So, do you know where we can find more of these glowing crystals? I think there are more inside the abandoned mine.
    I found this one close to it. Let’s go see! I can’t see any crystals. I’m sure there are more crystals inside. I’m going to try to break the wall. Hmm. This wall is way too strong. Let’s come back tomorrow and see if Donald can help us break it. Are you sure you want to do this, guys? Yes. We’re going to find a lot of pretty crystals. Ok. Stay back. – Be careful down there!
    – Thank you, Donald. Wow! Look out! – Speedy! Speedy! Are you okay?
    – Yes, I’m fine! Don’t move. I am going to find a way to help you. Help! Help me! Help! Help! Who’s there? – Hi. My name is Gus. I am a mine train who got stuck here a long time ago.
    Can you please help me?
    – Yes. – Thank you! You are a brave train!
    – You’re welcome! – And what’s your name?
    – My name is Shawn. I’m looking for my friend Speedy.
    He fell through an elevator shaft. Come on, Shawn. I know how we can find him. We must go this way. Wow! – Speedy!
    – Shawn! This is Gus. He helped me find you. – Thank you, Gus!
    – You’re welcome! Guys, look at how many crystals I found. Wow! This is great! Let’s get going! Oh no! I think we really need to go! The mine is collapsing! We must get to the elevator! Help! Help me! Hold on, Gus! Speedy, we need your help! – I think we are not going to make it!
    – We will! Well, we didn’t bring back any crystals but we’ve made a new friend. No number of gems in this world can replace good friends.


    Freight Cars: Train Talk Ep. 13

    October 18, 2019

    Hello everyone and welcome to Train Talk! In the 6th episode of Train Talk, I discussed
    different types of freight trains. I did not, however, discuss all the different
    types of freight cars, and there are many. So today, I’m going to talk about all of
    the common freight cars you can see out on the mainline today and what purposes they
    serve. Let’s get started! Box cars are some of the most basic and versatile
    freight cars you will see on the main lines today. They are quite simply, a box on wheels with
    sliding doors on each side for loading and unloading. While they were in the past used for hauling
    finished products to market, they are now primarily used for hauling raw materials to
    factories. Everything from coffee beans to paper can
    be found inside of a box car. Some boxcars have also been modified with
    refrigeration units on one end. These are called refrigerator cars and are
    used for transporting fresh produce, all while staying nice and cool. Another very important type of freight car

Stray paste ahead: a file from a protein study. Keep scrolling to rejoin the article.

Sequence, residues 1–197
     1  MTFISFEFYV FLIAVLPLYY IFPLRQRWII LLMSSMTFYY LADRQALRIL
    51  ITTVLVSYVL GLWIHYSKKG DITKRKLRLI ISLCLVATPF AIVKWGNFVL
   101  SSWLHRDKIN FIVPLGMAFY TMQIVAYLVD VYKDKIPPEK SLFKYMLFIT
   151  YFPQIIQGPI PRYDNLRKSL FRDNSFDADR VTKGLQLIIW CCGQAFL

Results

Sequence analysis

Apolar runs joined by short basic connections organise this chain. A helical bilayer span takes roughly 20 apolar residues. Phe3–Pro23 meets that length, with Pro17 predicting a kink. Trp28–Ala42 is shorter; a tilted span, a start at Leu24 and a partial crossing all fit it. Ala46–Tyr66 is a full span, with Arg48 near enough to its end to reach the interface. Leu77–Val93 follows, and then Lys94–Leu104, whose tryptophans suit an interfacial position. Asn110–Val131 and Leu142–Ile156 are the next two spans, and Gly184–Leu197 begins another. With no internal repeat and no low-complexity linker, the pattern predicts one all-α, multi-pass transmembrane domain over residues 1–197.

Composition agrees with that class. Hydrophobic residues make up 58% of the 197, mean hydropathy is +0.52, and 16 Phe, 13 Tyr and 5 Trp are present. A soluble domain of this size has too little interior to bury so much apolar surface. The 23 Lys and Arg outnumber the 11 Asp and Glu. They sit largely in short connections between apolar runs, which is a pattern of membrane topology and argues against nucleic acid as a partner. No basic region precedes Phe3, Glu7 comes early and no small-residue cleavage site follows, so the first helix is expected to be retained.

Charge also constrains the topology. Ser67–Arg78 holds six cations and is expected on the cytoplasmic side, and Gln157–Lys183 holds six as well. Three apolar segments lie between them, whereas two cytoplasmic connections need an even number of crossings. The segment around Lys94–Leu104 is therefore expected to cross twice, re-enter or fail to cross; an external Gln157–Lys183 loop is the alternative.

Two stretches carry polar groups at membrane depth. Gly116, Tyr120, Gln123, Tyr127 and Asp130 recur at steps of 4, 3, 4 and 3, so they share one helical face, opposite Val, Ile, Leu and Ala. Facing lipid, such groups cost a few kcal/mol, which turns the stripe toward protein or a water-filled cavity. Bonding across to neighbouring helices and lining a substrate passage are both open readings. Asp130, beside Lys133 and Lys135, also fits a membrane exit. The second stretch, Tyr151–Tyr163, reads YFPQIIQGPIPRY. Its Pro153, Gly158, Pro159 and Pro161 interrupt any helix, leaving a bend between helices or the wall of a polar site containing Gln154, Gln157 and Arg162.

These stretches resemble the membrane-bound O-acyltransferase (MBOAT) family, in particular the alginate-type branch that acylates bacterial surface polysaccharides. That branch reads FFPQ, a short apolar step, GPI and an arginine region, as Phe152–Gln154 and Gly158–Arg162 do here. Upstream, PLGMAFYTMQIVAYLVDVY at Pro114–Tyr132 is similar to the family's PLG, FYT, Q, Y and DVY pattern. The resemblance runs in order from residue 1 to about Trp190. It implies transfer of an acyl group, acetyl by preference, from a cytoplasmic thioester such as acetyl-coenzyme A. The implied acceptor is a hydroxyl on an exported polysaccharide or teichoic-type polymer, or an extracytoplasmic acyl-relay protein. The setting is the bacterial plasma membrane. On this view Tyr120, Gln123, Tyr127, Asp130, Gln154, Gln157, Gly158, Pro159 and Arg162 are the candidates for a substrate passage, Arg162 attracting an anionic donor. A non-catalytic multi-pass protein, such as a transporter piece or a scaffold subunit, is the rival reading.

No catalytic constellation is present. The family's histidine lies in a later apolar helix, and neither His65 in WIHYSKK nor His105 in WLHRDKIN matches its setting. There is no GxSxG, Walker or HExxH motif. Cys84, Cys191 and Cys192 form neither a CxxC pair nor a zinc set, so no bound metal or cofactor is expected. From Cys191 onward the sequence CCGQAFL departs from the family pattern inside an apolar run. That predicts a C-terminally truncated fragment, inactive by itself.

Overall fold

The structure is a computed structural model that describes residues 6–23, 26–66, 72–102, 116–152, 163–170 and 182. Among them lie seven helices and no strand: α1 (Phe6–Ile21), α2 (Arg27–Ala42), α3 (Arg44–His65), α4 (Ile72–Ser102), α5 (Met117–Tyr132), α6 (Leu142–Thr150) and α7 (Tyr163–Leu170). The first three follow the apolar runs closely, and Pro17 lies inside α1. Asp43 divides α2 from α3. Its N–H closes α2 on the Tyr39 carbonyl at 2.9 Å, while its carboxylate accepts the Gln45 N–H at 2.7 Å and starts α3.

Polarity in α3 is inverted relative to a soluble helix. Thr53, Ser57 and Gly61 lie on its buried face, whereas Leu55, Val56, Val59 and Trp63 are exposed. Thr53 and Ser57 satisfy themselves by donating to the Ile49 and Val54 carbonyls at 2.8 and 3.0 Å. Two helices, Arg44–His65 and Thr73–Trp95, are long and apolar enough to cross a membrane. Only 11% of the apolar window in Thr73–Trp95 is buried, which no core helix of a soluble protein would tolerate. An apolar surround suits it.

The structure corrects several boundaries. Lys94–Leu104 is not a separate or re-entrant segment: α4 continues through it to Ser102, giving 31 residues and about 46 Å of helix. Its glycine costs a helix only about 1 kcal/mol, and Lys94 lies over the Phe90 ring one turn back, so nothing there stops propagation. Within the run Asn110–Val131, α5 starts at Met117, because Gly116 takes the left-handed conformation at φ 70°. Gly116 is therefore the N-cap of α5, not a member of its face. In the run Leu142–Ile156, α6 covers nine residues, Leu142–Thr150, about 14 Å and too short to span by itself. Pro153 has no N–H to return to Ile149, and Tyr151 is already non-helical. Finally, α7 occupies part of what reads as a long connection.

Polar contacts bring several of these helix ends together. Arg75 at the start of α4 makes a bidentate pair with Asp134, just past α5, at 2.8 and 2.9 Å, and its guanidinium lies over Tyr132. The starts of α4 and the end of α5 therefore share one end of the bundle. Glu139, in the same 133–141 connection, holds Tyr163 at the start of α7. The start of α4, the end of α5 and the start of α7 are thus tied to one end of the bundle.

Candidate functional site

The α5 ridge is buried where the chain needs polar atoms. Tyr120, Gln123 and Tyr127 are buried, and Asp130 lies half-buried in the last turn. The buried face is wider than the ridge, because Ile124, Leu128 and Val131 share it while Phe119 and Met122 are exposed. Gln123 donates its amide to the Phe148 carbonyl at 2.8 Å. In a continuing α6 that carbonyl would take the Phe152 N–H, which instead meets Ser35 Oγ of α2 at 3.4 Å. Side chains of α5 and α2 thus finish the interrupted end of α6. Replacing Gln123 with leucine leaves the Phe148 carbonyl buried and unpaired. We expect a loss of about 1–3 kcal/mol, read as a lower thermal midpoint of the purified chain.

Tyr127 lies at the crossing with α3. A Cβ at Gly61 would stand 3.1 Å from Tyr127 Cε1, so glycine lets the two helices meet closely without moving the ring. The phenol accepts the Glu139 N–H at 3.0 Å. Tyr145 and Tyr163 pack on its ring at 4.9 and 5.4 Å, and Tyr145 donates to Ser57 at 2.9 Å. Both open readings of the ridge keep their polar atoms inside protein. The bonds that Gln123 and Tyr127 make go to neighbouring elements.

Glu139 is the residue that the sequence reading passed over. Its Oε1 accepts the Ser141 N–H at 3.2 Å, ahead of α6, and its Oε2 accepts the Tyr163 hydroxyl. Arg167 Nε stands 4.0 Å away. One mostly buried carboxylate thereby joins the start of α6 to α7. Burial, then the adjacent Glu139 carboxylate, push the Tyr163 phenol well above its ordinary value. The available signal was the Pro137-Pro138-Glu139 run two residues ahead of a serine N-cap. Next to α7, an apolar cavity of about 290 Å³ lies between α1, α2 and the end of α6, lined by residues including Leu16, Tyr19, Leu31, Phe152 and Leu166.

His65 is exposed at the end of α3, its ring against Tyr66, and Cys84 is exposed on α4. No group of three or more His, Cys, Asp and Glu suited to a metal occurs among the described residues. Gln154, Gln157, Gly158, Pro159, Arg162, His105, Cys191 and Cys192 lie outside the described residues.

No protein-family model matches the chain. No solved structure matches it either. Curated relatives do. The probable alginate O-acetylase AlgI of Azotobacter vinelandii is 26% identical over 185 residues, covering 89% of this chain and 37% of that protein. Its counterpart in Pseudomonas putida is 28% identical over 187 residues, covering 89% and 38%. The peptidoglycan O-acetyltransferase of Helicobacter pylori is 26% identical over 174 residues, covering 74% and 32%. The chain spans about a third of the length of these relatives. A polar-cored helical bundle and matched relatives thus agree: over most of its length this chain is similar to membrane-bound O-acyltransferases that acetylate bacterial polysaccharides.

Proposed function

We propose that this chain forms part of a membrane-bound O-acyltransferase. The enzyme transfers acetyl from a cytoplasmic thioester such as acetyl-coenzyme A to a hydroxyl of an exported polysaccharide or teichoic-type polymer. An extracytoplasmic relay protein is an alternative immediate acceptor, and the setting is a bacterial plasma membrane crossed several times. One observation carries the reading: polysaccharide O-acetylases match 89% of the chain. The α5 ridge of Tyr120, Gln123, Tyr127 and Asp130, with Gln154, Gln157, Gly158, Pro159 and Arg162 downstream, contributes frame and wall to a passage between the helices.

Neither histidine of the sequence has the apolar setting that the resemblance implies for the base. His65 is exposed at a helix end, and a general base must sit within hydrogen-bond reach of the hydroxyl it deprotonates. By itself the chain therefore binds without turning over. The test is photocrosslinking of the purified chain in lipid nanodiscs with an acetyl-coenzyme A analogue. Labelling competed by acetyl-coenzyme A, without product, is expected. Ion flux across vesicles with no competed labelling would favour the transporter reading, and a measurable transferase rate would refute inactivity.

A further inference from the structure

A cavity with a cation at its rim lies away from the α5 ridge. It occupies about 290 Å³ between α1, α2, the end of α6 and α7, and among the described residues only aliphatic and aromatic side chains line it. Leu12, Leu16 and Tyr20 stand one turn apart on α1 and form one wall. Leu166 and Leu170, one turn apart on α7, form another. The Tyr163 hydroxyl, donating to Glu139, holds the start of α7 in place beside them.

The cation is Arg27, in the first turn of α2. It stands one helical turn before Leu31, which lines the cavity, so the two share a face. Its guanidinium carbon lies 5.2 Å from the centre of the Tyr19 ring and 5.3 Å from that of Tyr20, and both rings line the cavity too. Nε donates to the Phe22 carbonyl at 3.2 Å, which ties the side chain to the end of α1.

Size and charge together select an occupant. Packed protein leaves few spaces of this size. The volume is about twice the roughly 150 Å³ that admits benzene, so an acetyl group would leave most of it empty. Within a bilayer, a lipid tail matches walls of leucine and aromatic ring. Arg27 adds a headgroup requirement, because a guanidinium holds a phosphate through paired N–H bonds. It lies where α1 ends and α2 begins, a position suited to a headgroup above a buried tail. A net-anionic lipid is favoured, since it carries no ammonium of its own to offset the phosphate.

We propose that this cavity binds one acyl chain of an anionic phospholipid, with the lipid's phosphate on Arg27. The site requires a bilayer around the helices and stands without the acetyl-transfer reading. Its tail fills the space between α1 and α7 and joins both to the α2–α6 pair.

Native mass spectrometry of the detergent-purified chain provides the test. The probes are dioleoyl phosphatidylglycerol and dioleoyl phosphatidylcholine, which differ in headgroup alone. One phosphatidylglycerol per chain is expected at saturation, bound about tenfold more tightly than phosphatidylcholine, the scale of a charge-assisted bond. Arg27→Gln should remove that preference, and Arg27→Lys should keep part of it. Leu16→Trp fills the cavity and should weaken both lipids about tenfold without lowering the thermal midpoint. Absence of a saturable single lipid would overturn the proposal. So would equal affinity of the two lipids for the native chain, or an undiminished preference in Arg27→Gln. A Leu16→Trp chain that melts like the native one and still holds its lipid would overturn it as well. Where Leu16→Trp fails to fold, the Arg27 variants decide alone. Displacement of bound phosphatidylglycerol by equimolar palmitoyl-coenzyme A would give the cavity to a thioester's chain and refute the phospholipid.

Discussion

is a hopper car. Hopper cars exclusively carry uniformly shaped
    raw materials such as coal, grains, or even plastic pellets. These materials are loaded from the top of
    the car and discharged through hatches on the underside of the car. Hopper cars come in two types: covered and
    open top. The covered hoppers also have hatches in the
    roof of the car so they can be loaded. Materials that can be damaged in transit by
    being exposed to the open air, such as grains, are carried in covered hoppers while materials
    that do not need the extra protection, such as coal, are carried in open top hoppers. The next type of freight car is a gondola
    car. These cars are similar to an open top hopper
    car, except that they have a flat bottom with no hatches and the sides of a gondola are
    typically much shorter. However, you should note that the only real
    distinction between a gondola and a open top hopper car is that a gondola car has a flat
    bottom with no openings. For example, some gondola cars used to haul
    wood chips have sides that are actually taller than most open top hoppers. Gondola cars must be loaded and unloaded from
    the top. They almost exclusively carry raw materials
    such as rocks and scrap iron, but occasionally they carry larger finished products. Gondolas are often used for carrying large,
    heavy steel coils, usually with a rounded protective covering over the top. We’ve moved slowly from freight cars with
    sides and a roof to open top cars with shorter sides, so the next car we’re going to talk
    about has no sides at all. These cars are called flat cars. Flatcars are used for carrying larger items
    that need to be tied down. They can carry everything from construction
    equipment to tractors, and even airplanes in some cases. However, one of the most common types of flat
    car you will see is called a center beam. Center beam flatcars have a raised central
    beam running the length of the car. The beam is used for tying down materials. These cars are used pretty much exclusively
    for hauling wood products like boards of plywood. In addition to the basic types of flat cars,
    modified flat cars are also used for carrying truck trailers across the country as part
    of intermodal trains. Tank cars are used for transporting various
    liquids. They are loaded through a round opening located
    on top of the car and unloaded through piping located on the underside of the car. These cars transport a variety of different
    liquids including crude oil, refined petroleum, paints, and more. Now, we come to one of two types of cars that
    exclusively carry finished products. The first is a car known as an Auto Rack. These cars are used for carrying brand new
    automobiles. The cars are very tall and have either two
    or three levels for storing vehicles. Modern auto rack cars also have a roof and